Studies of refill adherence are conditional on a patient filling an intial prescription. This is unlikely to be an important limitation, as we would only expect the label to influence a patient once they have purchased an initial prescription, after which the patient is first exposed to the label. However, our adherence measures were not sensitive enough to ascertain nuanced measures of appropriate medication use such as timing of administration or administration on an empty or full stomach as directed. Further, we were unable to determine whether patients exposed to the new label were more likely to adhere to written warnings and to avoid contraindications. Before concluding that the Target label offered no clinical benefit, more nuanced evaluation of medication use would be useful to evaluate the effect on adherence, and additional study of the effect of the new label on safety and adverse effects is needed.
Our study is limited by the sample we studied, commercially-insured patients. The label may have been more effective in improving understanding15
and stimulating adherence in Medicaid beneficiaries or the uninsured, who often exhibit lower health literacy, and our study did not evaluate these populations. In addition, we censored data from all seniors on January 1, 2006 because we lost full records for a large percentage of patients after implementation of Medicare Part D. Shortening this window for analysis may also have limited our ability to identify changes in adherence in elderly patients, another population that may benefit from clearer labels and larger font. Further studies in elderly and low health literacy populations are needed before concluding that the Target label does not affect adherence.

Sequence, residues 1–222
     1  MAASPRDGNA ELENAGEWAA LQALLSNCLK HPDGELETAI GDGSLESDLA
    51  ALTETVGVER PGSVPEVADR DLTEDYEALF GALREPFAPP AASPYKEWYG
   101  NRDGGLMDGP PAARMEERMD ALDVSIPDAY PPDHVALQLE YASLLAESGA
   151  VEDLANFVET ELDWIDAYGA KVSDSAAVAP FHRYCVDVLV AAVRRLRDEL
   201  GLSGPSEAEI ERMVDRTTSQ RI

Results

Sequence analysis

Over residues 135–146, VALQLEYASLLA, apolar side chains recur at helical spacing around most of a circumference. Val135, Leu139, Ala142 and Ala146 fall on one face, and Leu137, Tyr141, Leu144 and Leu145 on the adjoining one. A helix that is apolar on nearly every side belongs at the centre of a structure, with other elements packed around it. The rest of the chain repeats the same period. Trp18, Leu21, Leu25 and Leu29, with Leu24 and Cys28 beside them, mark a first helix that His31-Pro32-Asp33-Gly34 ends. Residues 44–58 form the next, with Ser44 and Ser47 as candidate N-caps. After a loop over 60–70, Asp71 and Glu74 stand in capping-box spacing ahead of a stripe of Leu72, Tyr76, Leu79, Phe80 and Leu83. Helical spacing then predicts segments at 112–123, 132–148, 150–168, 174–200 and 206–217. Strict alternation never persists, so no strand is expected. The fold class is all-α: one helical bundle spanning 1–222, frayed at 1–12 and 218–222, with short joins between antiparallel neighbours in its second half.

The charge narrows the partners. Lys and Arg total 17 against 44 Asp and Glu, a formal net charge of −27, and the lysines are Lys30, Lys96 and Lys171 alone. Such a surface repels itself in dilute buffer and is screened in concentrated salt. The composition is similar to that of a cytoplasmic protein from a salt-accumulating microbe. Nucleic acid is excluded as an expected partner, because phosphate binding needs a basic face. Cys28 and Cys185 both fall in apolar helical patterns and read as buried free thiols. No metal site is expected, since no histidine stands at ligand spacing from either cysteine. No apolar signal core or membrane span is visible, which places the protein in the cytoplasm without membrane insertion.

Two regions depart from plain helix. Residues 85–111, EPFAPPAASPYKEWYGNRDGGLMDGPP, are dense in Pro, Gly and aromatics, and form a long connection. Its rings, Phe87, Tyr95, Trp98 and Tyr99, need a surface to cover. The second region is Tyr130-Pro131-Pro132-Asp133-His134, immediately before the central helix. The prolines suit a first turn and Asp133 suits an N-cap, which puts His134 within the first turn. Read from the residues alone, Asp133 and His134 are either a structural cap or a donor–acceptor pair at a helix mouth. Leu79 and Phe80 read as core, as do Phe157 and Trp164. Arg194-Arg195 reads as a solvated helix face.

Our obsevational methods were also unable to fully account for selection bias. It is possible that sicker or older patients selected Target pharmacies after learning about the new label designs. However, we matched exposed and unexposed patients on socio-demographic characteristics and adjusted for individual health characteristics in our models, and expect that the null finding in this study could not be explained by selection bias alone. We also saw a secular trend of improved adherence in the post period among new users, but we do not expect that it should have biased our study, and the difference-in-difference model controlled for these trends.
In conclusion, our evaluation of pharmacy claims in two large health plans did not find a clinically meaningful influence of an intervention to improve prescription medication labeling upon medication adherence. Further studies of the effect of the new label on medication safety and health outcomes are needed to assess the importance of label design on medication use. While we cannot rule out any benefit on adherence with the methods we used, these findings should inform pharmacies, insurers, and policy-makers, who may advocate for improved labeling. While efforts to improve labeling may enhance appropriate medication use, providers and payors should have reasonable expectations about how overall drug consumption will be affected. More importantly, these data should further encourage physicians to improve their communication with patients about medication use. They should not rely on patients to get their information from medication labels alone, even those with innovative designs, if appropriate adherence is the goal.